Photo #5

Photo 5. View of the forest 200 yards south of the Photo 4 location.

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A branch road leading from the first bench may have been built for access during a fire in the 1950's. Photo 6 shows a scene on the steep hillside along this branch of the road. The fire burned through this area with such low intensity that the fire potential is still high on this hillside.

Photo #6

Photo 6. Brush thicket on the hillside between the first and second benches.

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Photo 7 shows a scene in the 1950's fire area a couple of hundred yards west of the Photo 6 location. The fire burned with higher intensity in this area. A few trees were killed by the fire and much of the litter on the forest floor was removed. A problem that is not widely recognized is that the trees remaining after a fire may be under considerable stress for several years as a result of damage to their root systems. Many of these trees may not be able to withstand attack by insects and disease.

Photo #7

Photo 7. Ponderosa Pine thickets in the burn area of the mid 1950's fire area.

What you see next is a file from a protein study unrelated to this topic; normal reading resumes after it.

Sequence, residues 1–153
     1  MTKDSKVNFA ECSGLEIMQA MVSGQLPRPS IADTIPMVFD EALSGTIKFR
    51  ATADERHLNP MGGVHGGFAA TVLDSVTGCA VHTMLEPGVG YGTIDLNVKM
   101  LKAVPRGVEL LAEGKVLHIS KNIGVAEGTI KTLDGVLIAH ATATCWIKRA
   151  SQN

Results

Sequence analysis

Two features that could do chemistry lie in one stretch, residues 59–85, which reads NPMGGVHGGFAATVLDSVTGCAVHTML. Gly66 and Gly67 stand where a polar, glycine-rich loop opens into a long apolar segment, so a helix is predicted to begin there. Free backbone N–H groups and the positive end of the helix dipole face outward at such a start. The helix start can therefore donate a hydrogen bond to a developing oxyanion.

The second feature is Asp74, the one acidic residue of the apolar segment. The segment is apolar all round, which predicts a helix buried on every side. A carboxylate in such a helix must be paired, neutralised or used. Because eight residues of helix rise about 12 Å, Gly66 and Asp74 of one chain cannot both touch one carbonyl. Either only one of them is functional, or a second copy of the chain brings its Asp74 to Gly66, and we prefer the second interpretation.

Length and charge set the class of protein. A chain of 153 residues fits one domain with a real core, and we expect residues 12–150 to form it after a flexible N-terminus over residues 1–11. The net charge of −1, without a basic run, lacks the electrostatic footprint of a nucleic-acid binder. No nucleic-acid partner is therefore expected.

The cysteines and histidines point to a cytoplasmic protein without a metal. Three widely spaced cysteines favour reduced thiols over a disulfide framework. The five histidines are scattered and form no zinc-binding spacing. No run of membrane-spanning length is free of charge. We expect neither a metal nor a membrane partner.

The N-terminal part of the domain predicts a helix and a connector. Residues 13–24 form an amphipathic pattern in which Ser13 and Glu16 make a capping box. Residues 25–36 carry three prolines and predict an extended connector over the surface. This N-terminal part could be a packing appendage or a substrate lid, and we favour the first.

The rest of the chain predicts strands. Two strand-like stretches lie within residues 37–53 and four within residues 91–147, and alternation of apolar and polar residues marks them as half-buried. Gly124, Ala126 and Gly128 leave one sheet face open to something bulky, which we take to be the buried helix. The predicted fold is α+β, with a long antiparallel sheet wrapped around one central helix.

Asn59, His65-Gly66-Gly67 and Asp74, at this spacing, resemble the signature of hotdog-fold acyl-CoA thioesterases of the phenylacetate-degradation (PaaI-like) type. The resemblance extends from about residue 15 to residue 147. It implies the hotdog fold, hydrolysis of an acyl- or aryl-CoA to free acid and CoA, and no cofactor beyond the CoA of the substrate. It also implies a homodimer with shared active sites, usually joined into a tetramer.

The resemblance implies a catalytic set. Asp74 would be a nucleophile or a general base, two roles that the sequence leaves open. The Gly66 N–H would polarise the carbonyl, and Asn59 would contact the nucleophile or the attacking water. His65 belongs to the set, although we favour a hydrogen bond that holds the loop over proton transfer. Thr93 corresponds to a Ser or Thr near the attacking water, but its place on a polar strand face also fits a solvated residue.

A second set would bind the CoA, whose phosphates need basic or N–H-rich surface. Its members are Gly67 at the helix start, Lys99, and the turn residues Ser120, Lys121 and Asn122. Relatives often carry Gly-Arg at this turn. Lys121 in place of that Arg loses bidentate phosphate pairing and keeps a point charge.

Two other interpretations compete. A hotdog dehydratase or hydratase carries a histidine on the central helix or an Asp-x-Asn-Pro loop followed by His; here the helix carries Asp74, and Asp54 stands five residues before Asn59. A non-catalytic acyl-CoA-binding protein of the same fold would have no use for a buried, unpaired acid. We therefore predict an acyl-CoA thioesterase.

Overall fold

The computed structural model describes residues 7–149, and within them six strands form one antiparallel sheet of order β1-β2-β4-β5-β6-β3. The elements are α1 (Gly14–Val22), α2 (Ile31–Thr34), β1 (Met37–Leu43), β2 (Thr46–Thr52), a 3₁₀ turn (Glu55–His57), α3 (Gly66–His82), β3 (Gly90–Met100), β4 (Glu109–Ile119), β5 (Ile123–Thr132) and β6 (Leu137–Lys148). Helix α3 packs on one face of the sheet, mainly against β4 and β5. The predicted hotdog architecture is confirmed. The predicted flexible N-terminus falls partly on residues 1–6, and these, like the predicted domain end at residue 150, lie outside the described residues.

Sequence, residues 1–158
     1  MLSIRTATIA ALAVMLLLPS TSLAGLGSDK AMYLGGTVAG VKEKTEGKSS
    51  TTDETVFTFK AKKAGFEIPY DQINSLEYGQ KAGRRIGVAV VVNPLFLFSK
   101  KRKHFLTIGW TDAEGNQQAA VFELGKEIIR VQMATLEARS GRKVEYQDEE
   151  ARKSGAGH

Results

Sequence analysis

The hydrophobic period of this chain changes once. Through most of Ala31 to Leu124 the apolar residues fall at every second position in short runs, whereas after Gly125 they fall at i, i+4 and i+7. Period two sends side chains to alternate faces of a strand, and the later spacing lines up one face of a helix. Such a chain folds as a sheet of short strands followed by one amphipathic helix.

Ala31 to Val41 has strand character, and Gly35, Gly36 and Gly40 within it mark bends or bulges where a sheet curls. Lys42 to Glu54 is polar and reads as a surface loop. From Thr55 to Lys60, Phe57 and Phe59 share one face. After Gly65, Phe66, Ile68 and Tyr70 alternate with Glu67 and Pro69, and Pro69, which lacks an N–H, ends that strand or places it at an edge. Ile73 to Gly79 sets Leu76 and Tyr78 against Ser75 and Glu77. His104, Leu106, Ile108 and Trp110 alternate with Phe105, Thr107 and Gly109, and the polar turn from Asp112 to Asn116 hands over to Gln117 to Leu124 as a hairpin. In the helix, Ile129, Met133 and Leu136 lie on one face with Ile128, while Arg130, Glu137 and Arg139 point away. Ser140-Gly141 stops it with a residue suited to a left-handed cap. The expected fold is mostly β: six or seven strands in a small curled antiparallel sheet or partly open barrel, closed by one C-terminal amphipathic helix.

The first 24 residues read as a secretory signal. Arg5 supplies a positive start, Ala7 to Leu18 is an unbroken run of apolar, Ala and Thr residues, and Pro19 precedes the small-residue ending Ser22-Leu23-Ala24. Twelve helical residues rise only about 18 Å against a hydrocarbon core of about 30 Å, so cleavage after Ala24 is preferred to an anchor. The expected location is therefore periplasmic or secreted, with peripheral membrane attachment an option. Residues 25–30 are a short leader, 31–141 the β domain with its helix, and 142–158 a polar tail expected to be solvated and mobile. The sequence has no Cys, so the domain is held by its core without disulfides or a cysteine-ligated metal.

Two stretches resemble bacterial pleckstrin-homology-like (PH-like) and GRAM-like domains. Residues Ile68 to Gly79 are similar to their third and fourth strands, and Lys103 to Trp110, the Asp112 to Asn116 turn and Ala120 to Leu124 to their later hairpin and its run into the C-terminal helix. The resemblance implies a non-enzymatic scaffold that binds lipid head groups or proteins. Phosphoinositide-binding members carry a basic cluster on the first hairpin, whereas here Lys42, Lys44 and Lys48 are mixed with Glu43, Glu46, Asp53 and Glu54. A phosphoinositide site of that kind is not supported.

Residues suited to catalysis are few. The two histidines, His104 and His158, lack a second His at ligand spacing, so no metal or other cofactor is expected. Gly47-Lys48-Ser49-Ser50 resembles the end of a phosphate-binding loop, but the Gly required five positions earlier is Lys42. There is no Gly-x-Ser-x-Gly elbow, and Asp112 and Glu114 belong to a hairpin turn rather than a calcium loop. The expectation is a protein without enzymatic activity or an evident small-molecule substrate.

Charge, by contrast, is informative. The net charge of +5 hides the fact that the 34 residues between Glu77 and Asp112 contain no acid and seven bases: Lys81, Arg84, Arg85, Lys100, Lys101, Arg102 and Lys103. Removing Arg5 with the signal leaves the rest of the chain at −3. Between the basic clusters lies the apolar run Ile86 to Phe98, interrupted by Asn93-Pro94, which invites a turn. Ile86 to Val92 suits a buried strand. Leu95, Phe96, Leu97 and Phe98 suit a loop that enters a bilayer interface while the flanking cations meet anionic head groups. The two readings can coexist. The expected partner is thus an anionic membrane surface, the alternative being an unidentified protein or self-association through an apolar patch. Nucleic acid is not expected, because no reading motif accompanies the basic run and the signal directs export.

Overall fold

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There are several Aspen thickets near the edge of Valle Canyon. These thickets were relatively unaffected by the Cerro Grande fire. Photo 8 shows one of these Aspen thickets surrounded by very dense Ponderosa pine forest. The pine thickets between this point and the steep hillside to the west received light to moderate fire damage. Some larger trees were destroyed and stumps burned deep into the ground along the root systems. There are pockets in this area that received low fire damage in spite of the density of the forest. The view from the edge of Valle Canyon about 100 yards south of this point reveals that there was relatively little damage to the forest in the immediate area. Some strips of trees were killed by heat from strong ground fires; but, a majority of the trees seem to have survived. It is possible to see some of the complete devastation a few hundred yards to the west in Valle canyon from the canyon rim.